Considering E (total) to be a continuous function of N, differentiation yields d E (total) / d N = - (3/7) N^{2} + c. Setting this expression to zero, N = (3 / 7c)^{1/2} at the "break-even point" in cache count.
Let c = 0.01, corresponding to 5 minutes in an 8 hour total effort. Substitution into the very last formula (in boldface) yields N = 10 (3/7)^{1/2} = 6.5, i.e. 5.5 caches yield the minimum energy for {f = 2/3, r = 1/2, p = 0}.
For p = 1 it makes no sense to have any caches: by inspection, for the case {f = 2/3, r = 1/2}, since from Eq.[4] E (total) is independent of N; leaving just the term in c to raise the energy with rising cache count.
Minimum Energy Cache Placement - One Cache
Consider a generalization of the single cache case. We wish to find the location of that cache so as to minimize the total additional energy spent by carrying consumables.
We use a derivation completely analogous to that in Section "n Equally Spaced Caches", albeit with parameter h being accounted for throughout.
The mean mass carried from the trailhead to the cache is
m_{1} = 1 - (1/2) hr (1 + p).
The mean mass carried from the cache to the summit is
m_{2} = 1 - h - (1/2) [r (1 - h)(1 + p)] .
The ascent energy is thus
E (ascent) = f ( h m_{1} + (1 - h) m_{2})
[5a]
= f (h - (1/2)h^{2}r (1 + p) + (1 - h^{2})[1 - (1/2)r (1 + p)] ).
[5b]
The mean mass carried from the summit down to the cache is
m_{3} = (1/2) (1 - h) (1 - r) (1 - p).
The mean mass carried from the cache down to the trailhead is
m_{4} = (1/2) h (1 - r) (1 - p).
The descent energy is thus
E (descent) = (1 - f) ((1 - h) m_{3} + h m_{4})
[6a]
= (1/2) (1 - f) (1 - r) (1 - p) (1 - 2h + 2h^{2}).
[6b]
To obtain the optimal cache location we minimize the summed ascent and descent energy for any triple {f, r, p} by taking the derivative of the summed energy with respect to h, setting it to zero, and solving for h.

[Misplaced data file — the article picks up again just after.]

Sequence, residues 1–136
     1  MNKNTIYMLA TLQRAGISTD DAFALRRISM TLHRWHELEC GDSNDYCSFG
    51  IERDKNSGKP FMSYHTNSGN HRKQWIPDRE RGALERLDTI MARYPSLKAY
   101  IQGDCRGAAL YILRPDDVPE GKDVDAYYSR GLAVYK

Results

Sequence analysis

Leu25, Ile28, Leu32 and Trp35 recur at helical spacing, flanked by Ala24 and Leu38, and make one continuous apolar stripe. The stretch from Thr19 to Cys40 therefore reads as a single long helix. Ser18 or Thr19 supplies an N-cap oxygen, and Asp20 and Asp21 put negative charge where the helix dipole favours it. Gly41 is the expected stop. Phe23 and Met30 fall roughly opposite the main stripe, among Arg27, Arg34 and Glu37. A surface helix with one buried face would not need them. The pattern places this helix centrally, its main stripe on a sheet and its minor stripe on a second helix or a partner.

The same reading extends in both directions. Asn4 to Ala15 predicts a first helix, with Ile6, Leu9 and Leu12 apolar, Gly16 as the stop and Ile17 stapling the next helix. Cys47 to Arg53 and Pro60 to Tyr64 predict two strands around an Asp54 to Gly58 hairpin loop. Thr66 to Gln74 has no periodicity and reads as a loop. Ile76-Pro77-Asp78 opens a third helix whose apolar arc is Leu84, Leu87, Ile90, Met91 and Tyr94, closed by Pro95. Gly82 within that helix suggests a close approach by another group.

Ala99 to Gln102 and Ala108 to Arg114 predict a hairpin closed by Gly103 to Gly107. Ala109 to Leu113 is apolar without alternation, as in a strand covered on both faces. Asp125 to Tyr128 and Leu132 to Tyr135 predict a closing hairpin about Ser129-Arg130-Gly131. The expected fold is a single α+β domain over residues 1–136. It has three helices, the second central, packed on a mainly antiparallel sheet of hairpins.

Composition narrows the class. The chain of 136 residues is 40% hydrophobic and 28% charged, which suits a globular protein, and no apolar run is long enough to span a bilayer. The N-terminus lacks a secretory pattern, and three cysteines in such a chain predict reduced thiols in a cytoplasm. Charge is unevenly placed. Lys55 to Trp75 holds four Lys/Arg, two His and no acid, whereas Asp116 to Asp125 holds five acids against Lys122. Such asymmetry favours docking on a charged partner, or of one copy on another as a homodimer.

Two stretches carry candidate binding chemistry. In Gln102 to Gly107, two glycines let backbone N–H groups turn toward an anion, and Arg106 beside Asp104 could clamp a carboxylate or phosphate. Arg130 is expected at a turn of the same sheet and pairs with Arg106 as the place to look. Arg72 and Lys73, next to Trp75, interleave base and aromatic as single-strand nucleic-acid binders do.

d E (total) / dh = (1 - f) (1 - r) (1 - p) (2h - 1) = 0 [7]
By inspection the desired solution is h = 1/2, i.e. a cache placed halfway between the trailhead and summit minimizes the total energy for carrying consumables for any given triple {f, r, p}. This mundane and admittedly uninteresting result can also be derived by symmetry-based arguments.
Minimum Energy Cache Placement - Two Caches
Consider a generalization of the two cache case. We desire the locations of both caches so as to minimize the total additional energy spent by carrying consumables.
We use a derivation analogous to the previous Section. Parameter h_{1} is the fractional distance and/or elevation gain beyond the trailhead of the first cache. Similarly, parameter h_{2} is the fractional distance and/or elevation loss from the summit to the second cache.
The mean mass carried from the trailhead to the first cache is
m_{1} = 1 - (1/2) h_{1} r (1 + p).
The mean mass carried from the first to the second cache is
m_{2} = 1 - h_{1} - (1/2) r (1 + p) (1 - h_{1} - h_{2}).
The mean mass carried from the second cache to the summit is
m_{3} = h_{2} - (1/2) h_{2} r (1 + p).
Thus
E (ascent) = f (1 - h_{1} - h_{2}
+ h_{1}^{2} + h_{1} h_{2} + h_{2}^{2}
- (1/2) r (1 + p) [h_{1}^{2} + h_{2}^{2} + h_{3}^{2}] )
[8]
where h_{3} = 1 - h_{1} - h_{2}.
The mean mass carried from the summit down to the higher cache is
m_{4} = (1/2) h_{2} (1 - r) (1 - p).
The mean mass carried from the higher cache down to the lower cache is
m_{5} = (1/2) (1 - h_{1} - h_{2}) (1 - r) (1 - p).
The mean mass carried from the lower cache down to the trailhead is
m_{6} = (1/2) h_{1} (1 - r) (1 - p).
Thus
E (descent) = (1/2) (1 - f) (1 - r) (1 - p)
[h_{1}^{2} + h_{2}^{2} + h_{3}^{2}].
[9]
To obtain the optimal pair of cache locations we minimize the summed ascent and descent energy for any triple {f, r, p} by taking the partial derivatives of the summed energy with respect to h_{1} and h_{2}; set them both to zero; and then solve the resulting pair of simultaneous equations that are linear in h_{1} and h_{2}.
d E (total) / dh_{1} = [ f (1 - r[1 + p]) + (1 - f) (1 - r) (1 - p) ] x (2h_{1} + h_{2} - 1) = 0 [10]
and
d E (total) / dh_{2} = [ f (1 - r[1 + p]) + (1 - f) (1 - r) (1 - p) ] x (2h_{2} + h_{1} - 1) = 0 [11]
By inspection the desired solution is h_{1} = h_{2} = 1/3, i.e. two caches evenly-spaced between the trailhead and summit minimizes the total energy for carrying consumables for any given triple {f, r, p}.
graphic home page | text-only home page |